Huzzah! Exciting new layout

August 12, 2008

Although classy I was finding the old layout a little hard to navigate. The type was also too small. And I wanted tabs at the top, which I have now used to start noting down my list of books that I want to read that usually rattles around in my head. Undoubtedly this will grow, suggestions are welcome. I think I’m labouring under the falsehood that eventually I will be able to read ALL the books. All the books ever.

I think I have a stone uterus: I can feel a whole lot of squeezing but not a lot of blood is coming out. A good metaphor for my own stubborness but uncomfortable when stuck on a crappy office chair.

I apologise if that was a little graphic for anyone but it says on the back of my feminist membership card that I can and am actively encouraged to blog about mentruation. So there it is. I’m not sure what the rest of the card says; I’ve had it in my back pocket for a while and some of the words have rubbed off. I did pull it out yesterday though, after soon-to-be-ex Housefolk made some joke about not needing women’s sports to which I replied “We do need them, or else we wouldn’t have any Olympic medals.” Take that, foolish fool!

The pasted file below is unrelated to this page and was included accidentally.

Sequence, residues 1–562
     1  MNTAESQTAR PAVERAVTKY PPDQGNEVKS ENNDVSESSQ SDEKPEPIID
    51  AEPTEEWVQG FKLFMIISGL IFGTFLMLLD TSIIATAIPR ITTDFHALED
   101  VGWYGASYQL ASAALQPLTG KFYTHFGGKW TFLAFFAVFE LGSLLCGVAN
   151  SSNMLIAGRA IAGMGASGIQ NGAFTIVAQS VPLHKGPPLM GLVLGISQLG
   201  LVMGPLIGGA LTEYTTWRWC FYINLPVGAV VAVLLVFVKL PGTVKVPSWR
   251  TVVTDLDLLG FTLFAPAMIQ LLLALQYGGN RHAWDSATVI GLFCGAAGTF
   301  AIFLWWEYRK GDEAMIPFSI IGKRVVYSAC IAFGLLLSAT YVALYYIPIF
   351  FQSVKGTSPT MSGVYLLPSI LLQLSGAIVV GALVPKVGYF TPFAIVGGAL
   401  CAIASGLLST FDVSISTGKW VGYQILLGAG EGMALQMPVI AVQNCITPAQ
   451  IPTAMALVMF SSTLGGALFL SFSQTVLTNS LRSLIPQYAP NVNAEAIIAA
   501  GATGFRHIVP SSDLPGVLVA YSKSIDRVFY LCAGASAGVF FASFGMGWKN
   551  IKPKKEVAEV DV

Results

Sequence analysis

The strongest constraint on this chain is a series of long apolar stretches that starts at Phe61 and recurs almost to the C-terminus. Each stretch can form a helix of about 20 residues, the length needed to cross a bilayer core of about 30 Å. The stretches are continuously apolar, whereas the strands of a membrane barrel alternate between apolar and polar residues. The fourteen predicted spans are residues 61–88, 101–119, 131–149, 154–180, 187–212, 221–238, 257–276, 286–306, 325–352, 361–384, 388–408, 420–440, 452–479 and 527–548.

The conversation took place after Team GB had won gold for street cycling and gold and bronze in swimming. I’m not in to sports myself but hope that these medals go some way to strengthening the legitimacy of female participation.

A terrible accident

August 11, 2008

Something awful happened yesterday. I was meeting one of my significants in town he called to ask where he could find me – on the spot I answered Borders. He arrived just ten minutes later but it was already too late and I had picked up a massive stack of books. It is the first time I have used a basket in a bookshop it was that bad. I purchased:

  1. The Watchmen graphic novel (that I tried to get last year but is now suddenly available since the movie trailers started showing)
  2. The Gothic and Lolita Bible (I had no idea that non-goth lolita was so popular. Also included bonus sewing patterns)
  3. Red Seas under Red Skies (the sequel to the Lies of Locke Lamora)
  4. An economics book (for the education of my brain)
  5. That GMTV Penny Smith book for my mum
  6. A gift for my partner to calm him down before his job interview

This is what happens when I decide to not spend money for a bit. And now my book pile is mountainous and will probably fall on me causing me to die horribly of crushing injuries and papercuts. If I should die with books unread I will ensure a clause in my will forces someone to read them all.

Superiority complex

August 8, 2008